“Kicked them in the balls; thrown them out of the house; alerted the authorities,” I said.
“Oh, she couldn’t do that! It wouldn’t have been possible. They would have both been struck off the doctors’ rolls, their careers ruined.”
“What did she do?” I asked.
“All she could think to do was to call his father into the room,” my sister said, her blue eyes filling with tears, which was when I realized that, of course, she was telling me her own story.
“This happened to you?” I said.
“I promised not to tell anyone,” she said.
“Well, you didn’t tell anyone,” I said and sighed.
Then there were signs of beatings, bruises, and black eyes. The children were beaten until they were unconscious, I found out years later. There were sexual overtures made to her children’s friends. The parents complained. Still, my sister never reported any of this to anyone, simply retreating from time to time to my mother’s cottage, which was in the garden of her big house. But she always returned to her lawful husband, the handsome, successful surgeon who had worked with Christiaan Barnard at the Groote Schuur Hospital in Cape Town. Soon another baby would appear.
“Why don’t you leave him!” I would remonstrate.
Once she asked me to go to the lawyer for her.
“Why don’t you go?” I said.
“I can’t,” she explained. “He has me followed.”
“Leave the country,” I suggested. “Take the children. Come and stay with us.”
“He has all their passports. He would never let them go,” she said.
On a trip back to South Africa, I saw the lawyer. He said, “If your sister cannot get herself to come and consult with me, personally, how can she get a divorce?”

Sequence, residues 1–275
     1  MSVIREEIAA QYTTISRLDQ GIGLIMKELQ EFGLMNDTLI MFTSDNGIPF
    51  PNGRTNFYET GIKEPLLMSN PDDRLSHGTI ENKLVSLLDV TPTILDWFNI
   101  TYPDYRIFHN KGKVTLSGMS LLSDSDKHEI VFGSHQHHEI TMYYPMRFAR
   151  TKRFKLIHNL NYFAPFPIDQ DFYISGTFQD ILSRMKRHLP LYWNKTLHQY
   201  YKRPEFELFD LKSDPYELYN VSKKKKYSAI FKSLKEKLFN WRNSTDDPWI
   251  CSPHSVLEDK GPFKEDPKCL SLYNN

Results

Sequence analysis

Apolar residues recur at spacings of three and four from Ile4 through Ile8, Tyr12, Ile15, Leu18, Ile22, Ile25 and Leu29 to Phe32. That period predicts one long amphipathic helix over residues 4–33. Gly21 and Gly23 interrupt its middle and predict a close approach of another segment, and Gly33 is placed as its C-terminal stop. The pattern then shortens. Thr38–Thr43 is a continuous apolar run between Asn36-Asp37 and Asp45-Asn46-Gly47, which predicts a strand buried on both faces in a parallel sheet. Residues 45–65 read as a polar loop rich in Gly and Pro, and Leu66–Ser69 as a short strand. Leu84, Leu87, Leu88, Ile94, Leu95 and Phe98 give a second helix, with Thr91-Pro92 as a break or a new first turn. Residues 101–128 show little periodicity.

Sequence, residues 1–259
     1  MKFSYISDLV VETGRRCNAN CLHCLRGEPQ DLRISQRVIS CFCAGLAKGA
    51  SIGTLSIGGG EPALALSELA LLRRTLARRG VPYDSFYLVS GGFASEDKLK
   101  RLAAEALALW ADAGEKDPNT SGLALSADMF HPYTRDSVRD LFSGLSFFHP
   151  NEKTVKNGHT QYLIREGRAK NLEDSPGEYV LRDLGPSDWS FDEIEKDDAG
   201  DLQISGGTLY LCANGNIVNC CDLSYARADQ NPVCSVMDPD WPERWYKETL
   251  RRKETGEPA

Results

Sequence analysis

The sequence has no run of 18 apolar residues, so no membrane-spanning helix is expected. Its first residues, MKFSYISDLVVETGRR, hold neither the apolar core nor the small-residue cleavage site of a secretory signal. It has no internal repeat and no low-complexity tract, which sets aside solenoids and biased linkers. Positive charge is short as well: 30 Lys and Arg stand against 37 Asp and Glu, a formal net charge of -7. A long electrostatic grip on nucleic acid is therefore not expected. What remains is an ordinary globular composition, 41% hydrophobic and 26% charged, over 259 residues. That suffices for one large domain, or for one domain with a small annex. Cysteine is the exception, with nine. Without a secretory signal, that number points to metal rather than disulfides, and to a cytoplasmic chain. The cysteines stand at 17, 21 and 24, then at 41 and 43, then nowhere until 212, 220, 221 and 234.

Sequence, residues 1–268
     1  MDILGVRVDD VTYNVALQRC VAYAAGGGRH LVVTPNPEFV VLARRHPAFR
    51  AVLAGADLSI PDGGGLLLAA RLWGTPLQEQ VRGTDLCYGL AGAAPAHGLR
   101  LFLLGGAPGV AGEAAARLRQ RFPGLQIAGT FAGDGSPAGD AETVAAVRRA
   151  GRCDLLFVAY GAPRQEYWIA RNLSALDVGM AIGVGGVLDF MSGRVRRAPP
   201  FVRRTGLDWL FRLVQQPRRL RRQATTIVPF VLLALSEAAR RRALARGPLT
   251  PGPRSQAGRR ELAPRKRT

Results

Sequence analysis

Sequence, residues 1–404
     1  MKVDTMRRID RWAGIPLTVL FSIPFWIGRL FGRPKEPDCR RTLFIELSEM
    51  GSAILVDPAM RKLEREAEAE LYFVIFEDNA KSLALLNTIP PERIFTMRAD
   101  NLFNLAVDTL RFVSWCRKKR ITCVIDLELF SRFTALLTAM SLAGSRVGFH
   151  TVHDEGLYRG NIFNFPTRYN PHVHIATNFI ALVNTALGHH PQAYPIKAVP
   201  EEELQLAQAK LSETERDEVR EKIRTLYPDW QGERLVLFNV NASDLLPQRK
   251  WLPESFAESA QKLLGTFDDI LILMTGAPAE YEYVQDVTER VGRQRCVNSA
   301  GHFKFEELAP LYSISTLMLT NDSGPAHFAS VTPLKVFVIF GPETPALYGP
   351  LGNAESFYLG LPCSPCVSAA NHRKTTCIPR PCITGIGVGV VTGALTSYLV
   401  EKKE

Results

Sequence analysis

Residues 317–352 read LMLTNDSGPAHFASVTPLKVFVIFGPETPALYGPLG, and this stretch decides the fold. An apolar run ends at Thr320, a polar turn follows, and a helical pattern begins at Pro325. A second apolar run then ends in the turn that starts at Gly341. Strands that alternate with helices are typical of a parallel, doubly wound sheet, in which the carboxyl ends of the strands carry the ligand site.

In the end there were six children, the youngest only three when my sister’s husband finally drove his car off the road and into a telephone pole, on a quiet dry night, no other cars on the road. Perhaps he intended to kill them both, but he was wearing his seat belt, and she was not, and her wrists and ankles were broken on impact before she died.
When my mother called with the news, I said, “It’s not true.”
She said angrily, “I’m afraid it is true.”
When I returned for my sister’s funeral, I went to the morgue to see her. I’m not sure what prompted me to do something of the kind. Perhaps this beautiful young woman’s death—she was 39—seemed so impossible to me, I wanted to make sure she was really dead.
The man at the morgue was reluctant to allow me in, but when I insisted, he showed me into a cool, silent, and empty space. Then they wheeled her in.
They had covered her damaged body completely with a white sheet but tilted her smooth, waxy flower face up to me, as though she were the doll again and was obediently showing me that she was indeed truly dead.
When I suggested to my mother that my sister’s husband should be prosecuted, she shook her head. “No,” she said. “It’s impossible. Even if we could prove it. Think of the children. We must avoid a scandal at all costs.” Then she added, “He has been sufficiently punished.” She visited him in the hospital where he lay, damaged it was clear, though how much no one seemed able or perhaps willing to say.
All of this I have written about in so many fictional and nonfictional forms, but surely the straight truth of it needs to be told, for once and all.
Sheila Kohler is the author of many works of fiction, including The Bay of Foxes, Dreaming for Freud, and Becoming Jane Eyre. Her latest book is a memoir, Once We Were Sisters.. The recipient of many awards, she teaches creative writing at Princeton and Columbia universities.